Home / Issues / 13.2016
Document Actions

13.2016

Up one level
  1. 2016-08-09

    Real-time depth camera tracking with CAD models and ICP

    In recent years, depth cameras have been widely utilized in camera tracking for augmented and mixed reality. Many of the studies focus on the methods that generate the reference model simultaneously with the tracking and allow operation in unprepared environments. However, methods that rely on predefined CAD models have their advantages. In such methods, the measurement errors are not accumulated to the model, they are tolerant to inaccurate initialization, and the tracking is always performed directly in reference model's coordinate system. In this paper, we present a method for tracking a depth camera with existing CAD models and the Iterative Closest Point (ICP) algorithm. In our approach, we render the CAD model using the latest pose estimate and construct a point cloud from the corresponding depth map. We construct another point cloud from currently captured depth frame, and find the incremental change in the camera pose by aligning the point clouds. We utilize a GPGPU-based implementation of the ICP which efficiently uses all the depth data in the process. The method runs in real-time, it is robust for outliers, and it does not require any preprocessing of the CAD models. We evaluated the approach using the Kinect depth sensor, and compared the results to a 2D edge-based method, to a depth-based SLAM method, and to the ground truth. The results show that the approach is more stable compared to the edge-based method and it suffers less from drift compared to the depth-based SLAM.

    Journal of Virtual Reality and Broadcasting, 13(2016), no. 1.

VISIGRAPP 2015
  1. 2017-01-19

    A Comprehensive Framework for Evaluation of Stereo Correspondence Solutions in Immersive Augmented and Virtual Realities

    In this article, a comprehensive approach for the evaluation of hardware and software solutions to support stereo vision and depth-dependent interactions based on the specific requirements of the human visual system within the context of augmented reality applications is presented. To evaluate stereo correspondence solutions in software, we present an evaluation model that integrates existing metrics of stereo correspondence algorithms with additional metrics that consider human factors that are relevant in the context of outdoor augmented reality systems. Our model provides modified metrics of stereoacuity, average outliers, disparity error, and processing time. These metrics have been modified to provide more relevant information with respect to the target application. We illustrate how this model can be used to evaluate two stereo correspondence methods: the OpenCV implementation of the semi-global block matching, also known as SGBM, which is a modified version of the semi-global matching by Hirschmuller; and ADCensusB, our implementation of ADCensus, by Mei et al.. To test these methods, we use a sample of fifty-two image pairs selected from the Kitti stereo dataset, which depicts many situations typical of outdoor scenery. Further on, we present an analysis of the effect and the trade-off of the post processing steps in the stereo algorithms between the accuracy of the results and performance. Experimental results show that our proposed model can provide a more detailed evaluation of both algorithms. To evaluate the hardware solutions, we use the characteristics of the human visual system as a baseline to characterize the state-of-the-art in equipment designed to support interactions within immersive augmented and virtual reality systems. The analysis suggests that current hardware developments have not yet reached the point where their characteristics adequately match the capabilities of the human visual system and serves as a reference point as to what are the desirable characteristics of such systems.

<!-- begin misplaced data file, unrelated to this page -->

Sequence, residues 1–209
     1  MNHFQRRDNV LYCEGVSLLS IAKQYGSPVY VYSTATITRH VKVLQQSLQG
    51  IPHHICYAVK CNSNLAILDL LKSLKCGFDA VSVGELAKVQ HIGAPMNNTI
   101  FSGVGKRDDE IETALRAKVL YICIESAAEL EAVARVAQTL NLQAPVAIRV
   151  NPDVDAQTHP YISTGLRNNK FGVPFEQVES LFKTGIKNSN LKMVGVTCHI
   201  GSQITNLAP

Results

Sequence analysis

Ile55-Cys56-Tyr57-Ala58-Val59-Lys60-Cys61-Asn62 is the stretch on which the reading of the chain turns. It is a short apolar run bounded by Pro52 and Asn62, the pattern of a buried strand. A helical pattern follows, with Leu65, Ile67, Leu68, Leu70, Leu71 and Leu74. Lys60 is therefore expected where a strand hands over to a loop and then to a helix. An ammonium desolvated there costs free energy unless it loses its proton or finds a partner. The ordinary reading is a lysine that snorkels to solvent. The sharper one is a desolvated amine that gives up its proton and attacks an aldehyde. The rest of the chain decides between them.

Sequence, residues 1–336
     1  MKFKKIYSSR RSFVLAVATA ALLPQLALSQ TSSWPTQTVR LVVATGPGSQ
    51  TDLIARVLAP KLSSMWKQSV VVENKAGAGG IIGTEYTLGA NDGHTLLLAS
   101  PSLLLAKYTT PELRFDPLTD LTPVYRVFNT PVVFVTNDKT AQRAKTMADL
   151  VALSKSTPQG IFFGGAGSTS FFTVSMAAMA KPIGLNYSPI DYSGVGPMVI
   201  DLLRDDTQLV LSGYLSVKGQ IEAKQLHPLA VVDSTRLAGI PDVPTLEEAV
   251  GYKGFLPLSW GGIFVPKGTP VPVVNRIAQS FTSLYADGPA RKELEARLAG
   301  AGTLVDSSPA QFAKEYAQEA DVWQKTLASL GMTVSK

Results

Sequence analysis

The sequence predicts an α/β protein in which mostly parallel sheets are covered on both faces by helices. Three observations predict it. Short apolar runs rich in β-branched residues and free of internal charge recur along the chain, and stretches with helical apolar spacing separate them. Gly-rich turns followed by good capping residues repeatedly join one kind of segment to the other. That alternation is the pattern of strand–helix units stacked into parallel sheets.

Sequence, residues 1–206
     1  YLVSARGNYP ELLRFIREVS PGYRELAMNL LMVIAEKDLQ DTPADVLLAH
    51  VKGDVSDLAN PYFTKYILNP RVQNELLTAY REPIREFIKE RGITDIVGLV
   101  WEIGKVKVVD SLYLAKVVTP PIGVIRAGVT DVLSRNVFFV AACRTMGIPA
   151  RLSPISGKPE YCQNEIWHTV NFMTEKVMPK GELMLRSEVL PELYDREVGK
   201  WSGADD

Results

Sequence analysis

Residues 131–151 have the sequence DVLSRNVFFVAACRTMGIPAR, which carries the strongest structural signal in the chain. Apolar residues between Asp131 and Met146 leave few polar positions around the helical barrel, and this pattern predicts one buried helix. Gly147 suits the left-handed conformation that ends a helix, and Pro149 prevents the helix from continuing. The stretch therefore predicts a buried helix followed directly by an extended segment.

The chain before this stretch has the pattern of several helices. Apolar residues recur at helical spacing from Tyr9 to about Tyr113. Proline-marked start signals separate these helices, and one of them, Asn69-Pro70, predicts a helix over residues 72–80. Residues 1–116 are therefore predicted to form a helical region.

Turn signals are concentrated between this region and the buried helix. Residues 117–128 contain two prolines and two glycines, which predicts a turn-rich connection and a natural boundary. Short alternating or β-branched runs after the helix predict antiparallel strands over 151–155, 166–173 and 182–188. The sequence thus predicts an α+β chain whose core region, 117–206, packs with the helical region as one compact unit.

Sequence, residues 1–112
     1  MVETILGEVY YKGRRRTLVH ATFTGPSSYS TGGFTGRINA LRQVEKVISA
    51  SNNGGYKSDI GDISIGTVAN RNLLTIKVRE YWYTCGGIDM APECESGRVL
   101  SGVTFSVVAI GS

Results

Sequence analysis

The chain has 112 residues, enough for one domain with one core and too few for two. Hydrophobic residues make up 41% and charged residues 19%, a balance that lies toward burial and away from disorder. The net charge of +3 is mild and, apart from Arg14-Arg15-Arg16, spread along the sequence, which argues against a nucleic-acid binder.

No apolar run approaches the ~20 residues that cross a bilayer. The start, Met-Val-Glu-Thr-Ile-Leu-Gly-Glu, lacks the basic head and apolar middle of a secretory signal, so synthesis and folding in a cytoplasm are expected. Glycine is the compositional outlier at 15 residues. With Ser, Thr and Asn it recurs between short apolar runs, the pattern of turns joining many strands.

Journal of Virtual Reality and Broadcasting, 13(2016), no. 2.

EuroVR 2015
  1. 2017-02-28

    Presenting a Holistic Framework for Scalable, Marker-less Motion Capturing: Skeletal Tracking Performance Analysis, Sensor Fusion Algorithms and Usage in Automotive Industry

    Even though there is promising technological progress, input is currently still one of virtual reality's biggest issues. Off-the-shelf depth cameras have the potential to resolve these tracking problems. These sensors have become common in several application areas due to their availability and affordability. However, various applications in industry and research still require large-scale tracking systems e.g. for interaction with virtual environments. As single depth-cameras have limited performance in this context, we propose a novel set of methods for multiple depth-camera registration and heuristic-based sensor fusion using skeletal tracking. An in-depth accuracy analysis of Kinect v2 skeletal tracking is presented in which a robot moves a mannequin for accurate, reproducible motion paths. Based on the results of this evaluation, a distributed and service-oriented marker-less tracking system consisting of multiple Kinect v2 sensors is developed for real-time interaction with virtual environments. Evaluation shows that this approach helps in increasing tracking areas, resolving occlusions and improving human posture analysis. Additionally, an advanced error prediction model is proposed to further improve skeletal tracking results. The overall system is evaluated by using it for realistic ergonomic assessments in automotive production verification workshops. It is shown that performance and applicability of the system is suitable for the use in automotive industry and may replace conventional high-end marker-based systems partially in this domain.

    Journal of Virtual Reality and Broadcasting, 13(2016), no. 3.